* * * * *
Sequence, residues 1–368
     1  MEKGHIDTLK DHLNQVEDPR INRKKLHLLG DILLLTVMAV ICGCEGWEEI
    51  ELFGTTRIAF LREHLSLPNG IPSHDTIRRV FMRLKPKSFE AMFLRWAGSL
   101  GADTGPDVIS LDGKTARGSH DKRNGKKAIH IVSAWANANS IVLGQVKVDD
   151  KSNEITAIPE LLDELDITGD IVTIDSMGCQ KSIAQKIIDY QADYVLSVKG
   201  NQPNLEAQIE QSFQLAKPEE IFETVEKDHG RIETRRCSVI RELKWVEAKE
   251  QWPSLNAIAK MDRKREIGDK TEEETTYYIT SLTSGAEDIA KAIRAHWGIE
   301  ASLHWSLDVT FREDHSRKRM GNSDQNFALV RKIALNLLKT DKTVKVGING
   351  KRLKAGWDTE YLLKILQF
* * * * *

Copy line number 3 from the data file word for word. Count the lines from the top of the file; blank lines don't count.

    51  ELFGTTRIAF LREHLSLPNG IPSHDTIRRV FMRLKPKSFE AMFLRWAGSL